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New Book: Wearable Sensors In Sport

In our blog, it is often that we review or discuss about Inertial Measurement Units (IMU) or we also use the term Wearable Sensors or motion sensors. If you browse through the site, you will find posts about developing IMUs for sports or posts where we look at smart sports products that have IMUs built into them. And in case you don’t have much understanding of what these sensors are about, and/or you would like to find out more, then there is a new book published recently that you should consider reading. It’s called “Wearable Sensors In Sport – A practical guide to usage and implementation“. To help you decide whether this is a book worth getting or reading, we will do a quick overview of the book and briefly touch on what value you might get.

A bit about who wrote it

Jim years ago when he did some work on swimming

This book was written by three academics and practitioners in sports science and engineering. Some like to use the term “pracademics”. Two of them (Jim and Dan) can be found in some of the archives of this blog and they have been involved in developing and testing wearable sensors for (many) years. Not only are they (collectively) familiar with the hardware and software of the sensors, they also have hands-on experience in the practical applications of the sensors in sports motion tracking. From swimming and triathlon, to football (of various codes), cricket, tennis and different types of combat sports. We can’t say they have done it all because there are just so many different sports in the world, but we can safely say they have worked out the right approach to use wearable sensors in sports.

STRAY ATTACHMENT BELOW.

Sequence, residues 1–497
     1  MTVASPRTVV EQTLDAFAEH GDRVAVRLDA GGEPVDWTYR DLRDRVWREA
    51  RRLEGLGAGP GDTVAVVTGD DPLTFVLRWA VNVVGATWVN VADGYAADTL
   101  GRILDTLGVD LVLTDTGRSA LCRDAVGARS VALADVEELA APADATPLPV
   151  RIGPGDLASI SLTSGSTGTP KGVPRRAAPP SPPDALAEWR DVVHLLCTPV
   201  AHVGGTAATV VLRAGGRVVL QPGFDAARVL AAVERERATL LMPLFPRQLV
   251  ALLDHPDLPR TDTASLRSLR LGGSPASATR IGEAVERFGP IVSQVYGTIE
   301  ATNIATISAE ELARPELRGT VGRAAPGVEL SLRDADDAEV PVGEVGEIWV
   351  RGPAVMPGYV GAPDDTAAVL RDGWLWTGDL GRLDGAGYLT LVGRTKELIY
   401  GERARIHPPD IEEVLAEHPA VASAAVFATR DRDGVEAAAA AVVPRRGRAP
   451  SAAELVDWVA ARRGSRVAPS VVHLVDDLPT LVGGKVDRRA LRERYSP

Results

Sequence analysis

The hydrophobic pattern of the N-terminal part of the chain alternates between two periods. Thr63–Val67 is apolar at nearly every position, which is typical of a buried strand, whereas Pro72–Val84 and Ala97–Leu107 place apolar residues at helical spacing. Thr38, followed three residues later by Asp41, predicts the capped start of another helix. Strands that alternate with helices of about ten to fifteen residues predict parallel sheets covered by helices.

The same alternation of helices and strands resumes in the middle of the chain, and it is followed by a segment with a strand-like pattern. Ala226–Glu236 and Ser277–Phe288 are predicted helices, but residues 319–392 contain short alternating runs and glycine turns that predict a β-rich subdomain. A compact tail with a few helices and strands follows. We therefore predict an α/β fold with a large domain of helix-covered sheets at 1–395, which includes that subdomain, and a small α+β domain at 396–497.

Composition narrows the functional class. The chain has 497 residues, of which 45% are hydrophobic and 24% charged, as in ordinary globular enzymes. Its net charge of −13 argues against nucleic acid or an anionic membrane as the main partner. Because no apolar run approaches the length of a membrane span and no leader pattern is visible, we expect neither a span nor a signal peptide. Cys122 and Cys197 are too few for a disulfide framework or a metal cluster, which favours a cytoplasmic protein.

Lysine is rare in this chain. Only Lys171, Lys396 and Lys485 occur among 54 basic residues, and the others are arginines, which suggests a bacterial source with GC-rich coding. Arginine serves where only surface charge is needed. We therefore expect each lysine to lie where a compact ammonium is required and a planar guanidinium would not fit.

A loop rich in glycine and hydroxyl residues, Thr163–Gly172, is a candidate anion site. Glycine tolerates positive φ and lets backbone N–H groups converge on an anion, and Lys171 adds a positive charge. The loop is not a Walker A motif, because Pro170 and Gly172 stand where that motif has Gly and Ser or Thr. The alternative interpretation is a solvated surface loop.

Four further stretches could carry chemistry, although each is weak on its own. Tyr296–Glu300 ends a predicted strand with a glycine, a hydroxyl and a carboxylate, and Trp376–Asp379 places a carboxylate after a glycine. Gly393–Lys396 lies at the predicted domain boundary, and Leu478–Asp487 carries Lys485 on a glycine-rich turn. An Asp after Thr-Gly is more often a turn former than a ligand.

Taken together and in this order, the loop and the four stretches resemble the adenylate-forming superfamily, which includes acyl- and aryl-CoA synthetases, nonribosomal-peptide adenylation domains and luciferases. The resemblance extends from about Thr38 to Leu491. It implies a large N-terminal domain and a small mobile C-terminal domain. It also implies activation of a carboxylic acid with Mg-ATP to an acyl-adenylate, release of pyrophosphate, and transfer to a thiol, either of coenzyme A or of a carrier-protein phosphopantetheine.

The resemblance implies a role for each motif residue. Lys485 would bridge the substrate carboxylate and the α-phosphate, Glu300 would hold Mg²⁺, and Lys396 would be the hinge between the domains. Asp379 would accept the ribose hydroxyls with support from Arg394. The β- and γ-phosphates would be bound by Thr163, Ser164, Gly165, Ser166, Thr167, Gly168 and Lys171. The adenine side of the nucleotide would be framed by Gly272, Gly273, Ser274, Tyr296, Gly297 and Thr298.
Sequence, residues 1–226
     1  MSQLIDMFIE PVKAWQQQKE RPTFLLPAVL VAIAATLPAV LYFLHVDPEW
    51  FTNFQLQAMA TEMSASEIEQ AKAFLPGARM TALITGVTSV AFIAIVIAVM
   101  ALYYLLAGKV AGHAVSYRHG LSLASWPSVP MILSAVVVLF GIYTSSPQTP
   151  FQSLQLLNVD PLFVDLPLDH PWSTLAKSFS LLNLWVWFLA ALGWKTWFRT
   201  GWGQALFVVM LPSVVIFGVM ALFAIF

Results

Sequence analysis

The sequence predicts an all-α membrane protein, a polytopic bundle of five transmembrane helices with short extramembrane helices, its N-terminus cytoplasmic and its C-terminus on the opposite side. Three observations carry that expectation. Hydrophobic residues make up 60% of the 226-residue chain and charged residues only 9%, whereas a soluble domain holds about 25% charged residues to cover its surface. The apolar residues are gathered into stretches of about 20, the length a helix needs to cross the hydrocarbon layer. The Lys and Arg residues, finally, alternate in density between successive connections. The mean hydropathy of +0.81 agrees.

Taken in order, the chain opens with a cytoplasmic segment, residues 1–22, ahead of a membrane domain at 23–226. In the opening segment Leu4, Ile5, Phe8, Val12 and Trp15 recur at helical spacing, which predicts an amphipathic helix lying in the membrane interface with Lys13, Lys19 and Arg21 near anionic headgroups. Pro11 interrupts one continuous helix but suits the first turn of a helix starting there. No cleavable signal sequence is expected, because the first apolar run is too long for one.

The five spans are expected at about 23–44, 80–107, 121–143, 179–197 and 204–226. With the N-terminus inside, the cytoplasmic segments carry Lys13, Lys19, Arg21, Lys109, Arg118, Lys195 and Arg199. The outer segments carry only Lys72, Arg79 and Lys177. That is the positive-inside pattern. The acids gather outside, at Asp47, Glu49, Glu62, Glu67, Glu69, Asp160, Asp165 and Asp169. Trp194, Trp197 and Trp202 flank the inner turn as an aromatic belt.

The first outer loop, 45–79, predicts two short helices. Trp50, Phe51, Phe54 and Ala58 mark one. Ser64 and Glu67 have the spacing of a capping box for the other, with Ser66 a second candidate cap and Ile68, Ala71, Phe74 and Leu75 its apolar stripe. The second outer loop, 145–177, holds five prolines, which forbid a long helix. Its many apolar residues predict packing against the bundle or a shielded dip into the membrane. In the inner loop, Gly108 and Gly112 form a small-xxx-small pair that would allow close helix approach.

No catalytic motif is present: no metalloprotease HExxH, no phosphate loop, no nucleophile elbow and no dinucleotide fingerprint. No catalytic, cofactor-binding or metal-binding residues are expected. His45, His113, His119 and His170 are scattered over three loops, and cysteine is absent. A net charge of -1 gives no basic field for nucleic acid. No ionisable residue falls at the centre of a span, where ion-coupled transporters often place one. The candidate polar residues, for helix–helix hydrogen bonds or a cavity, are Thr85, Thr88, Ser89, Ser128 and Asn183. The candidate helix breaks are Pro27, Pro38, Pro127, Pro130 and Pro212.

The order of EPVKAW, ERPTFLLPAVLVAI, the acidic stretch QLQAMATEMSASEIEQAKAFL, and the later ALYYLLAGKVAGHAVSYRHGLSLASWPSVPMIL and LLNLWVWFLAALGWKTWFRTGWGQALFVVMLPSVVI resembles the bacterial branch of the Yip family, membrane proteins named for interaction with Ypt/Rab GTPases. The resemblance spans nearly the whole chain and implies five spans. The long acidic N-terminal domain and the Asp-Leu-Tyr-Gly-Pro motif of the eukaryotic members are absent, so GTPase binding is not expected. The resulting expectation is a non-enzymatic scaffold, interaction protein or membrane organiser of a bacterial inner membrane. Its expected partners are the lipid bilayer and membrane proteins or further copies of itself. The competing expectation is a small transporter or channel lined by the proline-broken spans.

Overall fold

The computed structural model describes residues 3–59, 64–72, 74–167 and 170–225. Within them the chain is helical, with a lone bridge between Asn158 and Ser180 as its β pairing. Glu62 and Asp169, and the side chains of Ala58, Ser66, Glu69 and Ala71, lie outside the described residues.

Who is it for?

This book is written for those with a sports science background and may be unfamiliar with some of the technical/engineering terms and concepts of inertial sensing and signal processing, and the practical approaches that lead to successful applications. This book is also for those with a technical background such as IT or engineering who may be unfamiliar with exercise science methods and/or working in a sports setting with athletes and coaches. I would add it is basically suited for people who are keen to learn about the field of sports science and technology, likes sports, and has some technical inkling.

What’s in it?

It’s actually not a long book and there are only 5 chapters to it. The first chapter is an introduction about the different types of sensors (accelerometers, gyroscopes, magnetometers etc) with some real world examples and trends. The second chapter dives into how the sensors work and practical ways of processing the sensor signal and data. The third chapter goes deeper into the types of accelerations wierth references to some sports applications. The fourth chapter is basically the “bring it all together” chapter where it takes us through the process of solving a problem (case study) in sport through scientific methods. The last chapter finishes off with some key take-home messages and suggestions of what else can be done.

Is it very technical?

It’s hard to answer that question. I would say it is technical enough but not too difficult to read and understand. It also has lots of references to scientific literature and papers which is great for people who are into research. But at the same time, you don’t need to refer to those references to get value out of the book.

Should you get it?

Well, I can’t really answer that question. It really is up to the individual. But here’s where you can get it – Springer Link. If it helps, you could also check out a youtube playlist that Jim did where he basically had a conversation with Dan about technology in sport. (You can watch the first one below)

Lastly, feel free to reach out to the authors if you want more information or if you want to work with them. You can reach out to Jim on his website here:- link; or Dan on his website here:- link ; or Keane here:- link.

Thoughts? Leave a comment here.

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